Daylight Saving Time for 2018 to Start This Sunday

By Paul Riegler on 8 March 2018
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Even as winter storm after winter storm batters parts of the country, people are still ready for spring to arrive. One sign of spring is the arrival of Daylight Saving Time, which starts this Sunday, March 11, at 2 a.m. local time in most parts of the United States and Canada.

Clocks should be set ahead by one hour.

In the European Union, Summer Time (called British Summer Time, or BST, in the United Kingdom and Sommerzeit in Austria and Germany) will start two weeks later on March 25, the last Sunday of the month. The starting date offset will leave the United States out of sync with a significant part of the world for two weeks. Up until just a few years ago, when the United States modified the start and end times of Daylight Saving Time, this period of horological discrepancy lasted only one week.

Meanwhile, Daylight Saving Time in the United States will end on November 4, 2018, and resume on March 10, 2019. In the European Union, Summer Time will end October 28, 2018, and resume March 31, 2019.

Daylight Saving Time is a system of managing the changing amounts of daylight that occur during the year, with a goal of maximizing daylight hours during the typical workday. It was first proposed in a somewhat jocular manner by Benjamin Franklin in a 1784 essay entitled “An Economical Project for Diminishing the Cost of Light,” wherein he calculated how much the citizens of Paris would save on candles by starting the day earlier.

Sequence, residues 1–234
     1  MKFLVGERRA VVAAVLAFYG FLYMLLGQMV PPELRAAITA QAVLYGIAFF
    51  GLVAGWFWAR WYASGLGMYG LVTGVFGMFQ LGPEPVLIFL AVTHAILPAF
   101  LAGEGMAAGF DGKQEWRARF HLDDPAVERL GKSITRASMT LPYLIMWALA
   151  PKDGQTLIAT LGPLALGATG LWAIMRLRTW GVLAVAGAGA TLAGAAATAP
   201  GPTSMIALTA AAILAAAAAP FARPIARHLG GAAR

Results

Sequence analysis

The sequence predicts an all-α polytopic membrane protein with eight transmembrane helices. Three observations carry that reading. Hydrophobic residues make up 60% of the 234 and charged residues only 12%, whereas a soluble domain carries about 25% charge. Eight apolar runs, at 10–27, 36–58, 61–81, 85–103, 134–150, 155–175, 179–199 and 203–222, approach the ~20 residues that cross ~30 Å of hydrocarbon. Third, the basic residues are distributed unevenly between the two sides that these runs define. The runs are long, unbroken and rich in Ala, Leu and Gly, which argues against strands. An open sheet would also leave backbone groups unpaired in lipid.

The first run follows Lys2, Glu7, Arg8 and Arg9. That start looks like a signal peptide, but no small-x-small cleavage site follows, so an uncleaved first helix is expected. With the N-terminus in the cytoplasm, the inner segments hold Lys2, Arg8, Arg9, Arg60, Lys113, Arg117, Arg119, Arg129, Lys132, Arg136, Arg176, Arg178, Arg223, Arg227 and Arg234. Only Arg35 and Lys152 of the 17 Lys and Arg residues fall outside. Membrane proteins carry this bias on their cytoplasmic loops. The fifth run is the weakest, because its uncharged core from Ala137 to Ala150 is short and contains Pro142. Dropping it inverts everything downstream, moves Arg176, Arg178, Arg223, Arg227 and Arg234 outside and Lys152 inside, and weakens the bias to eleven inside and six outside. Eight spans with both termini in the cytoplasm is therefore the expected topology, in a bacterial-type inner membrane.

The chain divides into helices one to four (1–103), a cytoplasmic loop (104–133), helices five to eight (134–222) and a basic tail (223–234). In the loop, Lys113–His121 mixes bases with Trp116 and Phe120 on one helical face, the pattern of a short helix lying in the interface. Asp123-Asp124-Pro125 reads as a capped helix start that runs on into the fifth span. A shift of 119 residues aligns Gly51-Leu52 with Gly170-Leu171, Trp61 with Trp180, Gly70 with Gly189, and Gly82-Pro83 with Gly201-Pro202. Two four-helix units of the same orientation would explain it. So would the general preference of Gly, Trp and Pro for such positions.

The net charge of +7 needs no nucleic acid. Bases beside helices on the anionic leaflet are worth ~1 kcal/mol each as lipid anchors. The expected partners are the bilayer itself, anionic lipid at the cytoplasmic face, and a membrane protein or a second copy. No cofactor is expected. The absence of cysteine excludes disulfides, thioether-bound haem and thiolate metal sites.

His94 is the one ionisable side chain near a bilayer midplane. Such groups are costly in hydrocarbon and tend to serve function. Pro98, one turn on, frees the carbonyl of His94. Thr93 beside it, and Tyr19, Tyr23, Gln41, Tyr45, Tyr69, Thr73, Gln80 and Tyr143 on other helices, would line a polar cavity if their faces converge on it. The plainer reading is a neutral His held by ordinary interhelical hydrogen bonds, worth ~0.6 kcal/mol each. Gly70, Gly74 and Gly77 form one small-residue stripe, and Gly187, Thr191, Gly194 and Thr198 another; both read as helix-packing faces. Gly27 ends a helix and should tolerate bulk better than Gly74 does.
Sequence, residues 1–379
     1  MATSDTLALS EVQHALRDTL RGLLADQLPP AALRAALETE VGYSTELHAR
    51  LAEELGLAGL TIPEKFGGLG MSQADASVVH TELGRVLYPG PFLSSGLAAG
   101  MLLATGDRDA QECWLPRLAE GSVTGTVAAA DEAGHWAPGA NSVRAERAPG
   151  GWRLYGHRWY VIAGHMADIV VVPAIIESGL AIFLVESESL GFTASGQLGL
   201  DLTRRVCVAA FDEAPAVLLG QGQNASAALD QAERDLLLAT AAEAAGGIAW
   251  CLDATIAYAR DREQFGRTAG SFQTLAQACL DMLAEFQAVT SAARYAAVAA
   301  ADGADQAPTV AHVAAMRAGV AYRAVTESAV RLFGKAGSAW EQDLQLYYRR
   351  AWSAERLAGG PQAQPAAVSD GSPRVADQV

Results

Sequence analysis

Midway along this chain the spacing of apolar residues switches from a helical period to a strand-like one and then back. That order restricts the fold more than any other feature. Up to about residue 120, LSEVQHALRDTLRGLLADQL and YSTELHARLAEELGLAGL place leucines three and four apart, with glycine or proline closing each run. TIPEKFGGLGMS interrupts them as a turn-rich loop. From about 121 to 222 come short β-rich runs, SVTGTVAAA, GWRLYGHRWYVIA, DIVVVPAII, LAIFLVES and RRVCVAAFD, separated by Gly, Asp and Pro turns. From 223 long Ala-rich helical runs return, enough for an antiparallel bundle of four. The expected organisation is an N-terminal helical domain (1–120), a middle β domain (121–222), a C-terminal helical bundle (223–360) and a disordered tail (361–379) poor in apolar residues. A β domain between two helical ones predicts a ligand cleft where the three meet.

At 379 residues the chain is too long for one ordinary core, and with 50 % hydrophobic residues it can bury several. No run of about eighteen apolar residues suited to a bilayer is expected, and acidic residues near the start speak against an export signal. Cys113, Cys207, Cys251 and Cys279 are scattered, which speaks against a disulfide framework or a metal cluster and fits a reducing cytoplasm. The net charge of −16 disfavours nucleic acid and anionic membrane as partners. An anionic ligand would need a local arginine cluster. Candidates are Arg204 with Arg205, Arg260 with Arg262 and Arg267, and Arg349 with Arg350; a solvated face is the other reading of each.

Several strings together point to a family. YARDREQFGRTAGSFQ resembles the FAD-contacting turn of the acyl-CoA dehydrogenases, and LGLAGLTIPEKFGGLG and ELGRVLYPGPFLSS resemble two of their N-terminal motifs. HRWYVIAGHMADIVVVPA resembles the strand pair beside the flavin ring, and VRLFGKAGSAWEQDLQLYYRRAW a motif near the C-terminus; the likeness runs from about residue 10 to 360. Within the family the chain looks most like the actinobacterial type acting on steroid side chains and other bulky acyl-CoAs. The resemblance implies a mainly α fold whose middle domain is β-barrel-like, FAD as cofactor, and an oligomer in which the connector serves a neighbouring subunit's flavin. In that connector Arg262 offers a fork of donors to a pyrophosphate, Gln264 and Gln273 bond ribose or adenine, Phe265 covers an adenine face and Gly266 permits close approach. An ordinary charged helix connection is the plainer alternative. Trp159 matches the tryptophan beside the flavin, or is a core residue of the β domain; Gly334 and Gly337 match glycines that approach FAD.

However, Daylight Saving Time was not broadly adopted until the early twentieth century when Germany became the first country to introduce it, on April 30, 1916, a move quickly followed by several other European nations including France and the United Kingdom.

The United States first established Daylight Saving Time in 1918 as an energy-saving measure.

By setting clocks ahead by an hour, people typically have more daylight available during the workday. Since in the spring the sun rises earlier each day, an individual who typically wakes at 7 a.m. would have to rise at 6 a.m. to take advantage of the additional daylight. Instead, by moving the clock ahead by one hour, that person can continue to rise at 7 a.m. and enjoy more daylight in the early evening hours.

In order to avoid problems with Daylight Saving Time, travelers should remember to update any operating systems or tech gear that does not automatically adjust to Daylight Saving Time. Devices that update automatically include laptop and desktop computers using Apple or Windows operating systems as well as most smartphones.

Daylight Saving Time is not observed in Hawaii, American Samoa, Guam, Puerto Rico, the Virgin Islands, and Arizona (with the exception of the Navajo Nation). Until 2006, the counties in the Eastern Time Zone of Indiana did not observe Daylight Saving Time and remained on standard time year round. As of April 2006, all of Indiana observes Daylight Saving Time. Most of Asia, Africa, and South America do not observe Daylight Saving Time at all.

Finally, don’t forget about your analog wristwatches and clocks – they will not adjust themselves!

(Photo: Accura Media Group)

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